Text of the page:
Several entire editorial boards left Elsevier in protest

In November 1999 the complete Editorial Board of the Journal of Logic Programming (50 persons in total) collectively resigned after 16 months of unsuccessful negotiations with Elsevier Press about the price of library subscriptions. This editorial board created a new journal (Theory and Practice of Logic Programming) with a lower priced publisher, and on its side Elsevier continued the publication of the journal with a completely different editorial board and a slightly different name (The Journal of Logic and Algebraic Programming).

At the end of 2003, the entire editorial board of the prestigious Journal of Algorithms resigned to start Transactions on Algorithms with a different, lower priced publisher.[10][11]

The same happened in 2005 to the International Journal of Solids and Structures whose editors resigned to start the Journal of Mechanics of Materials and Structures. However, a new editorial board was quickly established and the journal continues in unaltered form.

On August 10, 2006, the entire editorial board of the distinguished mathematical journal Topology handed in their resignation, again because of stalled negotiations with Elsevier to lower the subscription price.[12] This board has now launched the new Journal of Topology at a far lower price, under the auspices of the London Mathematical Society.[13]

The French École Normale Supérieure has stopped having Elsevier publish the prestigious journal Annales Scientifiques de l'École Normale Supérieure[14] (as of 2008[15]).

Petition against Elsevier's parent organisation's involvement in weapon shows

An editorial in the medical journal The Lancet in September 2005 sharply criticized the journal's owner and publisher, Reed Elsevier, for its participation in the international arms trade.[16] Specifically, one of Elsevier's subsidiaries organized the Defence Systems and Equipment International Exhibition(DSEi), a large arms fair in the U.K. The authors, appealing to the Hippocratic oath called for the publisher to divest itself of all business interests that threaten human, and especially civilian, health and well-being.[17]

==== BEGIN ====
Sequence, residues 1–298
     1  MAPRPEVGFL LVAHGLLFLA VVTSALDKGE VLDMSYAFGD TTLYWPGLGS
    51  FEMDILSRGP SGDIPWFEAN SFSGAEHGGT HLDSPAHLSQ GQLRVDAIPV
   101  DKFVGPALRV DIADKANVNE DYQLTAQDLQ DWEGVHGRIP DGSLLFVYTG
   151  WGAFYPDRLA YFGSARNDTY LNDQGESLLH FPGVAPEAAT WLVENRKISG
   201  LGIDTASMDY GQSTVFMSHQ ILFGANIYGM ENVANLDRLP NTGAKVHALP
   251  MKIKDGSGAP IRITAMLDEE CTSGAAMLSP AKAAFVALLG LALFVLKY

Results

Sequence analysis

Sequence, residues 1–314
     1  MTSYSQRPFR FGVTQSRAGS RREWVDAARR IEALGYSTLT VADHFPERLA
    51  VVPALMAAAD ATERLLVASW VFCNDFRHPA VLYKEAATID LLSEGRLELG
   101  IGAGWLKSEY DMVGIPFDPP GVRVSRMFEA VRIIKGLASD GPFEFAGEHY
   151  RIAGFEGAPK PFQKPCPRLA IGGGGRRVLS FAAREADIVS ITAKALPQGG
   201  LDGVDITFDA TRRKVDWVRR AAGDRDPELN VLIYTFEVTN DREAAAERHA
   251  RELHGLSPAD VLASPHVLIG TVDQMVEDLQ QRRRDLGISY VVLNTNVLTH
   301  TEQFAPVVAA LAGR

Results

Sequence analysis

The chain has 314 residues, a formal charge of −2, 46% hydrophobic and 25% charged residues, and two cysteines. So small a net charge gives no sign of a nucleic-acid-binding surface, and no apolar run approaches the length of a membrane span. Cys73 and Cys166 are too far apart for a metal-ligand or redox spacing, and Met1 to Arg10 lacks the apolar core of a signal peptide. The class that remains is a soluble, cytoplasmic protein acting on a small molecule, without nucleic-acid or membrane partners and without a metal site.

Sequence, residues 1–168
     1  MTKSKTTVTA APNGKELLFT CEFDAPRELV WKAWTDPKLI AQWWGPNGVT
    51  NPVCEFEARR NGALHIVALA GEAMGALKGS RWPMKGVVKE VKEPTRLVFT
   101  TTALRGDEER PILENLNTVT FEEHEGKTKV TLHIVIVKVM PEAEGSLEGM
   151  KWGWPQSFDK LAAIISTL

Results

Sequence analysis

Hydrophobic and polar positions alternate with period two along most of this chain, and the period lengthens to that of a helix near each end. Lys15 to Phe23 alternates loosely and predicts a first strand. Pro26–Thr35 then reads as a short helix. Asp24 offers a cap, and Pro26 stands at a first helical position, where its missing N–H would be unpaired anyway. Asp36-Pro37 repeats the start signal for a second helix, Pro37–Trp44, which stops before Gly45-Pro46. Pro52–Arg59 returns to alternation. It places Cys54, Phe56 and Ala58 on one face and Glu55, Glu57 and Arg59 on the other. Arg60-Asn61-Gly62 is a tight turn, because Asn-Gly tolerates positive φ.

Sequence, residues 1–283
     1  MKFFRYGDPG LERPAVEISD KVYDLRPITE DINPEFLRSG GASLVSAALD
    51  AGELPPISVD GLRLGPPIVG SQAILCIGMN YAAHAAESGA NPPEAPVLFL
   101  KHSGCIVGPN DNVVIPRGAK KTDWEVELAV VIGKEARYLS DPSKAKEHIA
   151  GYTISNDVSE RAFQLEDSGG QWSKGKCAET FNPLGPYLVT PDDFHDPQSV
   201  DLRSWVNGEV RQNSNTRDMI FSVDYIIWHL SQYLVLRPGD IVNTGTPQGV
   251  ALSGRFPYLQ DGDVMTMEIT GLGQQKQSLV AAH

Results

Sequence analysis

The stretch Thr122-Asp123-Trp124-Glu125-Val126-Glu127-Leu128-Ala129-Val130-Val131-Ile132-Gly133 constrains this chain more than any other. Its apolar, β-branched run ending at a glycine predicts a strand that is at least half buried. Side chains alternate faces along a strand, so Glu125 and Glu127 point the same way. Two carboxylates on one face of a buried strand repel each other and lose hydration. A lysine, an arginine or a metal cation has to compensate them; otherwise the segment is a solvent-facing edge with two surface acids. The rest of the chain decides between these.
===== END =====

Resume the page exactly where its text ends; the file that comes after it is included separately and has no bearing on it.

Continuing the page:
In the March 2007 issue of the The Lancet, leading medical centers including the UK Royal College of Physicians urged Reed Elsevier to sever weapons ties. Doctors spoke out against Reed's role in the involvement of the organizing of exhibitions for the arms trade.[18] Reed Elsevier’s chief executive responded in June 2007 with a written statement[19], welcomed by authors of the petition,[20] announcing that it would sell the part of the company which handled military trade shows. Elsevier failed to sell off its exhibitions arm by the end of 2007[21][22] .


Imprints are brand names in publishing. Elsevier uses its imprints to market to different consumer segments. Many of them have previously been the company names of publishers that were purchased by Reed Elsevier.


  1. 1.0 1.1 1.2 1.3 Elsevier at a glance
  2. http://www.elsevier.com/wps/find/intro.cws_home/glance_1 (accessed 19 October 2007)
  3. Reed Elsevier | Annual Report and Financial Statements 2006
  4. Reed Elsevier | Annual Report and Financial Statements 2006
  5. Reed Elsevier | Annual Report and Financial Statements 2006
  6. Elsevier
  7. Elsevier
  8. Faculty Senate minutes February 19 meeting Stanford Report, Feb. 25, 2004
  9. "Fac Sen addresses costly journals". The Stanford Daily. 2004-02-20.
  10. Donald Knuth (2003-10-25). "Letter to the editorial board of the Journal of Algorithms" (PDF). Retrieved 2008-02-18.
  11. Changes at the Journal of Algorithms
  12. "Resignation letter from the editors of Topology" (PDF). 2006-08-10. Retrieved 2008-02-18.
  13. Journal of Topology (pub. London Mathematical Society)
  14. John Baez: What We Can Do About Science Journals August 13, 2007
  15. "Publisher's description of Annales Scientifiques de l'École Normale Supérieure". Elsevier. Retrieved 2008-02-18.
  16. "Biting Its Owner's Hand". New York Times. 2005-09-05.
  17. Feder, Gene; et al. (2005). "Reed Elsevier and the international arms trade". The Lancet. 366: 889. doi:10.1016/S0140-6736(05)67306-0. More than one of |pages= and |page= specified (help)
  18. Bob Grant. "Scientists step up Elsevier protest". The-Scientist.com.
  19. "Reed Elsevier to exit the defence exhibitions sector". Reed Elsevier (press release). 2007-06-01. Retrieved 2008-02-18.
  20. "Journal-Publishing Giant Will Halt Lucrative Business in Weapons Bazaars". The Chronicle of Higher Education (News Blog). 2007-06-05. Retrieved 2008-02-18.
  21. "Reed fails to sell arms fairs". The Times Online. 2007-12-20. Retrieved 2008-02-18.
  22. James Ashton (2008-02-10). "Clarion's £125m event". The Times Online. Retrieved 2008-02-18.

External links

web sites pertaining to the company

non-Elsevier web sites